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Contine teaching kids "wrong"??

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posted on Dec, 1 2009 @ 12:24 PM
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I thought I would throw this out there as the idea popped in my head last night while helping my son with his homework. His project related to how the Egyptians built the pyramids. I asked him a few questions about what he is learning about the pyramids and he explained that they were made for previous rulers and it took thousands of people to move the blocks. Interested, I asked how they moved the blocks there and he said that the teacher explained they used sleds and animals. I told him that was fine (he's 9 - 3rd grade).

But the more I have thought about it, the more I wonder at what point those of us who are able to influence children "should" teach them that there is more to the story then they are taught. Wouldn't doing so completely skew their view and further education or is finding out a lot of the truths early allow them to open their eyes to how things are?

I am curious to hear from any fellow parents, teachers or others that have access to children. What do you think? Are we continuing the agenda of the NWO by letting are children learn the false truths we learned growing up?





posted on Dec, 1 2009 @ 12:36 PM
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reply to post by Roadblockx
 


Whats false about how the pyrmiads were built? There no proof supporting either way. Except that we cant duplicate it.



posted on Dec, 1 2009 @ 12:39 PM
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The tact I took with my kids is telling the to question everything and try to research it for themselves. They are now 22 and 19 and have thanked me for giving them that perspective.



posted on Dec, 1 2009 @ 12:40 PM
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What's wrong with expanding on the basics? Especially if you are keeping it age appropriate to understanding and maturity levels? Giving kids more information in a fun, exciting way could spark something in them that would carry forward... You never know what a kids going to run with, why not be an inspiration and promote love of learning?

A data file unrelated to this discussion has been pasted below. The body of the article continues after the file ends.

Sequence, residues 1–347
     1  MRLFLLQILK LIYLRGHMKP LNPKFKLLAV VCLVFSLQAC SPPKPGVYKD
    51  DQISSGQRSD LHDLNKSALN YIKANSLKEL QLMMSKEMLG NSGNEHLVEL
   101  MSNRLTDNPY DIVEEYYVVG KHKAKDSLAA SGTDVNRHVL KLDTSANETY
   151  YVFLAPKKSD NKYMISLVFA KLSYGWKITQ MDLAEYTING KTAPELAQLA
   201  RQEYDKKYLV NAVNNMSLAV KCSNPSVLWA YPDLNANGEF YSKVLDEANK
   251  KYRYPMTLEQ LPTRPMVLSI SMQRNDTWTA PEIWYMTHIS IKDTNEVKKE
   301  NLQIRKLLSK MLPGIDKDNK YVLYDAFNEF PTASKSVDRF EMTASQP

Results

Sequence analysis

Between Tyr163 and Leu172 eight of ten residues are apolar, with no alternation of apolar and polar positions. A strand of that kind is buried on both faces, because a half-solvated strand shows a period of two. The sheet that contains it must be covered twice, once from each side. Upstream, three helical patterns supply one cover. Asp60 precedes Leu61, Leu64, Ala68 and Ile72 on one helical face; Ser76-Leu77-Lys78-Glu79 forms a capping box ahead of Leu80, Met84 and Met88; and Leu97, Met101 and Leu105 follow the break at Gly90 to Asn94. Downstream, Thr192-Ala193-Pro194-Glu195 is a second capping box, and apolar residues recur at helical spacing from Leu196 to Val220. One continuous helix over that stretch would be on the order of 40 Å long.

posted on Dec, 1 2009 @ 12:41 PM
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Originally posted by poedxsoldiervet
reply to post by Roadblockx
 


Whats false about how the pyrmiads were built? There no proof supporting either way. Except that we cant duplicate it.


Thanks for the response. I'm not sure it has ever been decided the age of the pyramids, who built them as the dating of the pyramids varies, what the purpose of the pyramids are/were.

So that this doesn't come just about pyramids, I am talking about truths relating to things throughout history that hasn't been accurately portrayed. The founding of the US, how things were included/excluded from the constitution.....etc.



posted on Dec, 1 2009 @ 12:42 PM
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Even if you present them with wrong perspectives they are nevertheless left with more perspectives and will have better brainstorming and problem-solving abilities.



posted on Dec, 1 2009 @ 12:43 PM
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Originally posted by xizd1
The tact I took with my kids is telling the to question everything and try to research it for themselves. They are now 22 and 19 and have thanked me for giving them that perspective.


So you were cool with them learning the "popular" view of history? At what age did you tell them to begin researching for themselves and when did you offer up what you "really" thought? I'm very interested.